LOS ANGELES (AP) — With their marriage under social-media scrutiny, Jada Pinkett Smith and Will Smith reaffirmed their commitment to each other as Pinkett Smith admitted to having a relationship with musician August Alsina when she and Smith were separated.In a one-on-one conversation Friday...

U.S. & WORLD NEWS

Kelly Preston, actor and wife of John Travolta, dies at 57

LOS ANGELES (AP) — Kelly Preston, who played dramatic and comic foil to actors ranging from Tom Cruise in...

Look out, Mars: Here we come with a fleet of spacecraft

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Russian constitution change ends hopes for same-sex marriage

ST. PETERSBURG, Russia (AP) — At the Lagutenko wedding in 2017, the couple exchanged vows, rings and kisses...

In libel case, Depp says Heard hit him with 'haymaker' punch

LONDON (AP) — Johnny Depp accused Amber Heard of hitting him with a “haymaker” punch during...

Kosovo president visits prosecutors who indicted him

THE HAGUE, Netherlands (AP) — Kosovo’s president visited prosecutors at The Hague on Monday who have...

China sanctions Cruz, Rubio, Smith, Brownback for criticism

BEIJING (AP) — China said Monday it will impose sanctions on three U.S. lawmakers and one ambassador in...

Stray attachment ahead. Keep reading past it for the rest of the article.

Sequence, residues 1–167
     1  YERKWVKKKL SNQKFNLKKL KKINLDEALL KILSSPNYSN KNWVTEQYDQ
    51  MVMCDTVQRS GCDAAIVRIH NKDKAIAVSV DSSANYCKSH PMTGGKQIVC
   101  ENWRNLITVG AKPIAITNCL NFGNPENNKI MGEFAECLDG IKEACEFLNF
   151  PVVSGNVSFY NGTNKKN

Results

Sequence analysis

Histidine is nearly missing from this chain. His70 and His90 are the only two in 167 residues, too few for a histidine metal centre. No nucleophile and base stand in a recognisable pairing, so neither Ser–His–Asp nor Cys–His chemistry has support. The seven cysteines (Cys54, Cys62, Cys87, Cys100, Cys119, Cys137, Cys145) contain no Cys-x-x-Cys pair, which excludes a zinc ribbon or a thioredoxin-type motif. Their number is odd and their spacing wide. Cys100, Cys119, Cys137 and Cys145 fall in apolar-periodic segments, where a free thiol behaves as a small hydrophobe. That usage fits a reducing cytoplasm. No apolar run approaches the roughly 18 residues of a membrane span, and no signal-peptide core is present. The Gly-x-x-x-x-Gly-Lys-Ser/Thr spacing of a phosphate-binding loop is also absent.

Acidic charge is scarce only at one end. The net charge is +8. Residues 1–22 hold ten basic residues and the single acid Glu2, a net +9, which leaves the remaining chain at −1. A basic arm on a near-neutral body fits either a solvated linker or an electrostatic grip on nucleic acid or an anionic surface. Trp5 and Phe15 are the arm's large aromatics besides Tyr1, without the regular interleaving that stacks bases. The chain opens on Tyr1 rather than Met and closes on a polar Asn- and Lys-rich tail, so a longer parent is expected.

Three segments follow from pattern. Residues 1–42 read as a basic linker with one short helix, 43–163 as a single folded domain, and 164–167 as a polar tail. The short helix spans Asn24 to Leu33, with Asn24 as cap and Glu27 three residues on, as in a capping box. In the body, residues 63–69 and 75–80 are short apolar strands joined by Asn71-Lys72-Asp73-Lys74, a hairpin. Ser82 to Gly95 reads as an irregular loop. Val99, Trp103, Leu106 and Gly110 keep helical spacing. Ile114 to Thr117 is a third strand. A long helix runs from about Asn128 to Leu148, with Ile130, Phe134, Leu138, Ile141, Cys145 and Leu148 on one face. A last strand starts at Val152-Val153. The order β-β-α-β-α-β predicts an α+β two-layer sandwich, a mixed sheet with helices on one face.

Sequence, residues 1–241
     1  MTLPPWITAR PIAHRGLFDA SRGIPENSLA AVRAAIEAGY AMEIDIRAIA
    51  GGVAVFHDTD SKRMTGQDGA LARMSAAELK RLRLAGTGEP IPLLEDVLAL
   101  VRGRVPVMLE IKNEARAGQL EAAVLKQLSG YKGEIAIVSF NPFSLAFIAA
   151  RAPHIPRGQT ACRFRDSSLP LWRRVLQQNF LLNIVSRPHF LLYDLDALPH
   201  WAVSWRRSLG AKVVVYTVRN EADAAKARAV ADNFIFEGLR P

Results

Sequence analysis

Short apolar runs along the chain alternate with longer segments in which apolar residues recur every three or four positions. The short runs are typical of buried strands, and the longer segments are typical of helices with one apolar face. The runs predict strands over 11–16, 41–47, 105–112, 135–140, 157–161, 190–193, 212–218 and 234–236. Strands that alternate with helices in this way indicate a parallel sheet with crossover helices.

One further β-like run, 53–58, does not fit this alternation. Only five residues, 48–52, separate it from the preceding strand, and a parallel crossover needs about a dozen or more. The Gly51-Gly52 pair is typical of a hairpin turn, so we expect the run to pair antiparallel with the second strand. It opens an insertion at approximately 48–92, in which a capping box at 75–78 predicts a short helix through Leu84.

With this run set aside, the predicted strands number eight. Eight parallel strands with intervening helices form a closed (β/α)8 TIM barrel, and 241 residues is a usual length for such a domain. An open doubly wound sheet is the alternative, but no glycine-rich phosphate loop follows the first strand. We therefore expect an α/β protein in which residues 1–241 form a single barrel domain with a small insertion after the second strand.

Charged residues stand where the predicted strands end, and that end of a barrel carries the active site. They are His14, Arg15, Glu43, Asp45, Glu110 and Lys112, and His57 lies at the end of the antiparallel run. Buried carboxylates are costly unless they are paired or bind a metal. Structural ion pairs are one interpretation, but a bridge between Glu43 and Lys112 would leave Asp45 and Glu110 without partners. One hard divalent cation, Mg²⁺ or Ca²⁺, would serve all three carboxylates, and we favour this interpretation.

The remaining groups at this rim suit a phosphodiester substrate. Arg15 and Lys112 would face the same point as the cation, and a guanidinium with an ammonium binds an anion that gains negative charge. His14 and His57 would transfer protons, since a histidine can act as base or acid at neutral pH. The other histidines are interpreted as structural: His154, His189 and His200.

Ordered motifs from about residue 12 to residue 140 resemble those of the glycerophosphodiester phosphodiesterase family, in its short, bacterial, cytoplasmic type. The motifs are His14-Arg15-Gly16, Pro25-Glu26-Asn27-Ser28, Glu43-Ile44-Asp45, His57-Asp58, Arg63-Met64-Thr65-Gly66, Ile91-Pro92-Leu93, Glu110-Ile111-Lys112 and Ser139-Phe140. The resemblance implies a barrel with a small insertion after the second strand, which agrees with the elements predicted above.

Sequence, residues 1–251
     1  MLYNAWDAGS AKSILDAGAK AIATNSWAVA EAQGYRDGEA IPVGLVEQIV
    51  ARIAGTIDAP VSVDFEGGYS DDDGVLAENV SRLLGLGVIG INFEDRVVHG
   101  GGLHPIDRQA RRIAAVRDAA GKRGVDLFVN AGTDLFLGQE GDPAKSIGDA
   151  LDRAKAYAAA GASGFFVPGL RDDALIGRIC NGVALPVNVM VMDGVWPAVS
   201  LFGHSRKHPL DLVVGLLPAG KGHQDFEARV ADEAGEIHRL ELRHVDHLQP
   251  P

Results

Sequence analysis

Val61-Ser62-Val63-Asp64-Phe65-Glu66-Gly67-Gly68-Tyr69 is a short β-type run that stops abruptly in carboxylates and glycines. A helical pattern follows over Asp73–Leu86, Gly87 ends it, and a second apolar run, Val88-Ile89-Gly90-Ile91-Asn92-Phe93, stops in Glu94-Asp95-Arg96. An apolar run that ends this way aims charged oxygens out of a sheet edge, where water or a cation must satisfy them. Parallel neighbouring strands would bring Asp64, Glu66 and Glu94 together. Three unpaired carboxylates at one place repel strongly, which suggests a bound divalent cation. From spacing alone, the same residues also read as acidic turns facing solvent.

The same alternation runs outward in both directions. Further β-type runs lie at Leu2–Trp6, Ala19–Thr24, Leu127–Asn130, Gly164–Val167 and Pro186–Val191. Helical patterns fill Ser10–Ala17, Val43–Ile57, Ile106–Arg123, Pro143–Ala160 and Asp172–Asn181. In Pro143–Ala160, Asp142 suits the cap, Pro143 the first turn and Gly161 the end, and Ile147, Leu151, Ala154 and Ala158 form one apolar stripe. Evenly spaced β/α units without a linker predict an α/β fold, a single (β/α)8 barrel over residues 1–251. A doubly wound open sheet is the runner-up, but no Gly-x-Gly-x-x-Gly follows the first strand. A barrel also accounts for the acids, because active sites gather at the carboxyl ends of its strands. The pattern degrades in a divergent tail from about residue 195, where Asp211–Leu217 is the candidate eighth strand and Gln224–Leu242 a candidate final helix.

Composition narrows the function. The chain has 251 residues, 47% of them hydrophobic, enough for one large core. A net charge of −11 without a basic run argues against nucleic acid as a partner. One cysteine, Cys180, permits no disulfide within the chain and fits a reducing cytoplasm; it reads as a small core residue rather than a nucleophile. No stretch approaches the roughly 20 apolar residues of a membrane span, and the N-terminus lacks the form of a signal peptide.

McMenamins
By Michael Pearson and Chelsea J. Carter CNN



A suspect in the Boston Marathon bombings was on the run Friday as thousands of law enforcement authorities cast a wide net that virtually shut down the Massachusetts capital amid warnings the man was possibly armed with explosives.

Authorities say Dzhokar Tsarnaev escaped an overnight shootout in suburban Watertown with police that left his brother Tamerlan Tsarnaev -- the other man wanted in the bombings -- dead.

"Investigators are recovering a significant amount of homemade explosives" from the scene of the shootout, Massachusetts State Police spokesman David Procopio told CNN.

It was not immediately clear what explosives were recovered, but the discovery followed a violent night in which authorities say the brothers allegedly hurled explosives at pursuers after killing an officer, robbing a convenience store and hijacking a car.

Tamerlan Tsarnaev was wearing explosives and a triggering device when he died, a source briefed on the investigation told CNN's Deborah Feyerick on condition of anonymity.

Gov. Deval Patrick called on residents in the city and its suburbs to stay inside "with their doors locked."

After more than 15 hours, police officers in full body armor, carrying automatic weapons had finished about 70% of their massive door-to-door search of the area, Col. Timothy Alben of the Massachusetts State Police said.

Massive manhunt

Police flooded the area, traveling the streets in convoys and going door-to-door to track the suspect down.